Monday, March 28, 2011
A Tale of Two Yarns
*** Parental Warning: This will not interest you, parents. We're talking about wool in this one. I'll put something up for you tomorrow. xxx ***
(Sorry about that. Otherwise I'll get a reproachful phonecall to the tune of, "Why can't you write about something apart from yarn and crocheting?")
A bunch of ladies (maybe a couple of gents, too, but I suspect we're mostly women) on the Ravelry group The Blog Hub are taking part in a Knitting and Crochet Blog Week. I really wasn't going to take part because I can barely tie my own shoelaces at the moment, let alone get myself to blog daily for a week, but our Fearless Leader, Eskimimi, has organised it so well and so professionally that I thought I ought to get my bottom in gear and contribute. She has set us a writing task and we have to complete it daily. It reminds me a bit of the homework we got at school, but Eskimimi is nowhere near as frightening as Sr. Alphonsus and her flapping veil, though she does keep us in line: all of our contributions are neatly tagged and lined up in Google to read. Impressive, ne c'est pas?
So today our task is this:
Part of any fibre enthusiast’s hobby is an appreciation of yarn. Choose two yarns that you have either used, are in your stash or which you yearn after and capture what it is you love or loathe about them.
This is going to be a highly controversial post and I may be about to rock your world - brace yourself, crafters.
My first yarn is Red Heart Super Saver. Mostly I've chosen it out of contrariness. Everyone else is choosing Bamboo-Silk Unicorn's Hair or Handspun Mermaid Bumfluff - I felt sorry for this much-maligned American yarn. Entire pages of scathing comments are devoted to it on Ravelry, yet there's more of it in the stash database than practically every other yarn. While other devotees seem keen to hide their plebian tastes, I stand by my love of cheap acrylic yarn. I'm not going to knit jumpers from it or crochet bridal shawls, but I am going to make afghans and woolly hats ... objects that will probably be the only thing left standing after the apocalypse, along with cockroaches and Tupperware.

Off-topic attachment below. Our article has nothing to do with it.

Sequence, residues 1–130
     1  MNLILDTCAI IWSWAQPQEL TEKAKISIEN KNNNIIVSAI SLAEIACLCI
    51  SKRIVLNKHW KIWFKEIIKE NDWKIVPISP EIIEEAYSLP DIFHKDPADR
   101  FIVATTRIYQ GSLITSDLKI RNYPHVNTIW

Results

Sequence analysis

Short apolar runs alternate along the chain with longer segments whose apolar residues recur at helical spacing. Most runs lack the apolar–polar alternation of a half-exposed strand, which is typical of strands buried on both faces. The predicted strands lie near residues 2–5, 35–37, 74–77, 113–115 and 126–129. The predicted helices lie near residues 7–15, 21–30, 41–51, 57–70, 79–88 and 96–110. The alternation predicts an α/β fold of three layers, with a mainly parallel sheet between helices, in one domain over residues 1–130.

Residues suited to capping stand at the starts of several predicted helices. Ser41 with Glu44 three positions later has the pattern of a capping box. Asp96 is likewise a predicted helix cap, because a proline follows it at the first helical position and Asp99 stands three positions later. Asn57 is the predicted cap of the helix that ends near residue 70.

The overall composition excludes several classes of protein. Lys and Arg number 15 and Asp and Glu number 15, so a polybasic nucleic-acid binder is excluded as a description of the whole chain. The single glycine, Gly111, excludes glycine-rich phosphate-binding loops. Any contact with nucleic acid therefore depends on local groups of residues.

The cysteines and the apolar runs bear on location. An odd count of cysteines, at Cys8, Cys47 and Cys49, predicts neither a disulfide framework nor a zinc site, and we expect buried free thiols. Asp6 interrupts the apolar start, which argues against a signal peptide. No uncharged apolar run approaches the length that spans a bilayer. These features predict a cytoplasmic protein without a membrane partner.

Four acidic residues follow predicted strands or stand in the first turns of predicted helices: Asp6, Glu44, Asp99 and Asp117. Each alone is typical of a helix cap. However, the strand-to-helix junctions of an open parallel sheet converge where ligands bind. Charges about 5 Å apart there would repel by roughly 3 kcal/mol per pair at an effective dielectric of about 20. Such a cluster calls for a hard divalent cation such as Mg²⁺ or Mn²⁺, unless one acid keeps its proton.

This, by the way, is my Shelley Stash. I haven't used it yet. I mostly just look at it and arrange the colours in a more pleasing fashion. Yum, yum.
What do I like about RHSS? It's robust and tough and a lot of people hate it (= support the underdog.) What I dislike about it is that you can only buy it in the US. Globalisation - where are you when we need you?
The second yarn I choose is sock yarn. No particular brand, I love it all. In fact, I haven't met a sock yarn yet that I didn't like, and I find more to like on a daily basis. I like the colours. I even find the outrageously disgusting colour combinations fascinating. The sad thing is that I have, up to now, knit the sum total of half a sock, accompanied by Mammy Gingerbread, aka Lightning Needles. In recent weeks, I've had the yearning to try it again - especially after reading about this charity, Socks for Japan. In my own head, I am a Crafting Philantrophist, churning out socks for the needy, lickety-split. In reality, I have to donate to the Red Cross because I don't want to add to the Japanese people's trauma by making them wear my hand-knitted socks.
But I digress.
What do I like about sock yarn? It's colourful, often in delightfully unexpected ways. What I dislike about it is that it is often sinfully expensive. One little skein costs half an afghan. Well, not quite, but it's expensive enough to only be bought on special occasions, high holidays and as presents for other people. Fortunately, I have an opportunity to buy someone a gift, so I went shopping and bought a couple of skeins of a new yarn. Isn't this luvverly?